The power of fungi and fermentation

November 18, 2022
Leif van Lierop stands in a lab wearing a surgical mask and gloves wearing a black tee shirt.

From co-ops working in pulp and paper, to an internship experimenting with mushroom slurries to make meat alternatives, Leif van Lierop has experienced what he would describe as a “well rounded” education during his time in the Department of Bioproducts and Biosystems Engineering (BBE) at the University of Minnesota.

Van Lierop is a Ph.D. candidate advised by BBE Professor Bo Hu. Last summer, van Lierop participated in a research project funded by the National Science Foundation (NSF). The project’s overarching goal was to take a byproduct of dry milling corn-ethanol production and create a nutritious bioproduct that can be fed to animals.

Ethanol byproduct, whole stillage being poured into a container.

During the process of converting the corn to ethanol, the yeast converts all the sugars, like starches, into alcohol, and after the ethanol is removed you are left with whole stillage–or a mix of water, fiber, protein, and various nutrients. The whole stillage then goes through a series of drying processes until it is ready for use as feed for cow. This bioproduct is not a feasible feed option for monogastric animals, or animals with just one stomach because they are unable to break down the fibers.

During the NSF project, van Lierop and the team researched methods to break down this bioproduct even further, making it a viable and nutritious feed option for other animals, primarily pigs. One way of breaking down the fibers is to use fermentation. The research team looked at using fungi, which has been used in fermentation processes for human foods for hundreds of years–think miso soup, which is made from soybeans fermented with fungi found in koji rice.

“We know white rot fungi can break down lignin, and brown rot fungi can break down cellulose, which are similar to the fibers in whole stillage,” said van Lierop. From there, he said the team found success breaking down the fibers using these fungi.

This research in BBE led van Lierop to pursue a summer internship in fermentation. A problem with this field is that most of the companies doing research in this area are startups without established internship programs.

Van Lierop decided to think outside the box and began reaching out to companies directly, asking if they had any openings for a grad school intern. He was not having much success initially, but then his luck turned. He found out NSF funding was available for graduate students to use towards internships in research similar to his project with Professor Hu. With this funding opportunity, van Lierop continued researching companies that could potentially offer him an internship opportunity.

Van Lierop stands in front of better meat co. in California wearing a star wars tee shirt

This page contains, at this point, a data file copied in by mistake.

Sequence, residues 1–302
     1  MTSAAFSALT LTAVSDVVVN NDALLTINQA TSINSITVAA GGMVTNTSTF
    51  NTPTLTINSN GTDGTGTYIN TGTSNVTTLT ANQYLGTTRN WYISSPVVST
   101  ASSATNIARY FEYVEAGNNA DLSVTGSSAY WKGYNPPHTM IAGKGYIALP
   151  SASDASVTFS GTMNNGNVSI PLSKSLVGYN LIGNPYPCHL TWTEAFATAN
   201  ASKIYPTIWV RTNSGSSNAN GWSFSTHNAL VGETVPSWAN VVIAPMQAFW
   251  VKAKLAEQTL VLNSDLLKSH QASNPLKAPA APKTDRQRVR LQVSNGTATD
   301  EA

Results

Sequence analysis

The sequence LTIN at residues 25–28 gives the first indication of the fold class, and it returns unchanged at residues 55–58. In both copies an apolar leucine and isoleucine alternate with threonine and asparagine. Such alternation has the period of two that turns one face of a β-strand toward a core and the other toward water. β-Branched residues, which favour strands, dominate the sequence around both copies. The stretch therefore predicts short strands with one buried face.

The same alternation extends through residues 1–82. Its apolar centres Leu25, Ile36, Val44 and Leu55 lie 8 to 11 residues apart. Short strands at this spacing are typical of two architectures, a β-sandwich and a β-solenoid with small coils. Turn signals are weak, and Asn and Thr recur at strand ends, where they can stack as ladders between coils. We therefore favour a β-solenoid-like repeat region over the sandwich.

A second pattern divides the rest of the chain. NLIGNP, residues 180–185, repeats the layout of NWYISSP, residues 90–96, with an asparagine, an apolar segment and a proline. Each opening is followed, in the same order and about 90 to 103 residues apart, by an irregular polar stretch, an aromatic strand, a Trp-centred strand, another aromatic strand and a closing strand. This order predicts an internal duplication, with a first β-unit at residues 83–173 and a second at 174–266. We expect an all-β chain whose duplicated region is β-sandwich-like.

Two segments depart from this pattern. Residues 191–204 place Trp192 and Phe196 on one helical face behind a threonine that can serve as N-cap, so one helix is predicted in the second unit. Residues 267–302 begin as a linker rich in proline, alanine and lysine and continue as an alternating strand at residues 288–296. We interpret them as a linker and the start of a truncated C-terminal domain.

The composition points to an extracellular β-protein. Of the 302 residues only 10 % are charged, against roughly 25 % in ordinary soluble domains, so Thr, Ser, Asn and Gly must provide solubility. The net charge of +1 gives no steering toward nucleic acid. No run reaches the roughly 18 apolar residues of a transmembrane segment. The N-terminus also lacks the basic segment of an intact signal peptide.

That’s when he came across Better Meat Co., a startup in Sacramento, California. After some emailing back and forth with the CEO, van Lierop mentioned he had potential funding for an internship. From there he connected with the human resources team, met everyone over Zoom, and was told he could join them over the summer to work in research and development.

Van Lierop initially worked on flask fermentations, using different types of nitrogen and sugars to observe the performance and effect on the biomass and protein content of fungi. The end goal of the testing, and of the company, is to offer versatile, fully animal-free meats made from fungi. Better Meat Co. is partnered with Hormel Foods, a Minnesota based-company, and Perdue Farms.

“They send them the fungal protein products and Hormel comes up with different ways of using it,” said van Lierop.

Better Meat Co.’s focus is on taking common ingredients like potatoes, fermenting them using fungi and specific techniques, and finishing with an end product that is all-natural, high in protein, and has a natural texture like animal meat.

“Having these alternative meat products is amazing,” said van Lierop. “I kept on telling Paul [the CEO], you [have] to sell this at the grocery store. People will buy it. I will buy it!”

Van Lierop said Better Meat Co.’s goal is to replace as much animal meat as possible, even if it is using their fungi meat and blending it with animal meat. Reducing animal suffering and achieving more sustainable practices is the overarching goal, which is why the startup partnered with two of the largest meat processing companies in the U.S.

“Make the decision [to switch] as easy as possible,” said van Lierop. “If alternative meats taste just as good or better, and are just as cheap or cheaper”, then it’s a clear choice for consumers when buying their protein in the supermarket.